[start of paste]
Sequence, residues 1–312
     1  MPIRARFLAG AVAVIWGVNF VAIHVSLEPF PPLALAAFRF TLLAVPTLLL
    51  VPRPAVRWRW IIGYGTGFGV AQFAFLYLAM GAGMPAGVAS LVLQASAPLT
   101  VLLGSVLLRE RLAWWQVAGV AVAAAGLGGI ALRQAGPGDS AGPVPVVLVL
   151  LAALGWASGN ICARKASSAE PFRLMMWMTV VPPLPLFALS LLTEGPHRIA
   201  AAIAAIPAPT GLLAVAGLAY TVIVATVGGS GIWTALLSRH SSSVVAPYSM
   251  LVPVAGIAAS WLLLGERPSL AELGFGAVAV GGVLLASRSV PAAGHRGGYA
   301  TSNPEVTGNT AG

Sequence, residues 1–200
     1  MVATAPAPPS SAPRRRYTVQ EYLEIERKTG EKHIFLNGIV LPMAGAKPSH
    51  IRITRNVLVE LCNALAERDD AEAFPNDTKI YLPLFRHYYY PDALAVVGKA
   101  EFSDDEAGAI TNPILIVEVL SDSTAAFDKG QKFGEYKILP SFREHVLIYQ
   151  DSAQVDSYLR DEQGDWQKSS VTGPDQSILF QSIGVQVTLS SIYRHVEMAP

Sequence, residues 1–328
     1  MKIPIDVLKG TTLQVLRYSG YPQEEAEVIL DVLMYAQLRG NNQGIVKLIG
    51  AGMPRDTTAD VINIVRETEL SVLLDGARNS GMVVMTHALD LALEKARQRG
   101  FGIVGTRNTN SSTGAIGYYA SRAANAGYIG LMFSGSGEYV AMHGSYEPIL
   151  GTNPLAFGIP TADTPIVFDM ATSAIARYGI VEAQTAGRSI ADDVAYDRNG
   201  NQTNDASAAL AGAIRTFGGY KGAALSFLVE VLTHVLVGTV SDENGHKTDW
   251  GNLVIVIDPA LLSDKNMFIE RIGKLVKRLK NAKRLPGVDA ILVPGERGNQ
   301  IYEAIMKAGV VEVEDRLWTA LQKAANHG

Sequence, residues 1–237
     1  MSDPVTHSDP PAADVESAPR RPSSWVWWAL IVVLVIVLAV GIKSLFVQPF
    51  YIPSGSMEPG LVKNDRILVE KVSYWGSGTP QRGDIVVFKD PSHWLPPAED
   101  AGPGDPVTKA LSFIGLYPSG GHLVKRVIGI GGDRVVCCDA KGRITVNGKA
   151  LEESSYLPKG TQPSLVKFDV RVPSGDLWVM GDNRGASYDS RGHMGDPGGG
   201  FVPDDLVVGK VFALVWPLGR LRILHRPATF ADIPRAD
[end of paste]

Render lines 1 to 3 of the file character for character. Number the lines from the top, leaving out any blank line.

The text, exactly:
Sequence, residues 1–312
     1  MPIRARFLAG AVAVIWGVNF VAIHVSLEPF PPLALAAFRF TLLAVPTLLL
    51  VPRPAVRWRW IIGYGTGFGV AQFAFLYLAM GAGMPAGVAS LVLQASAPLT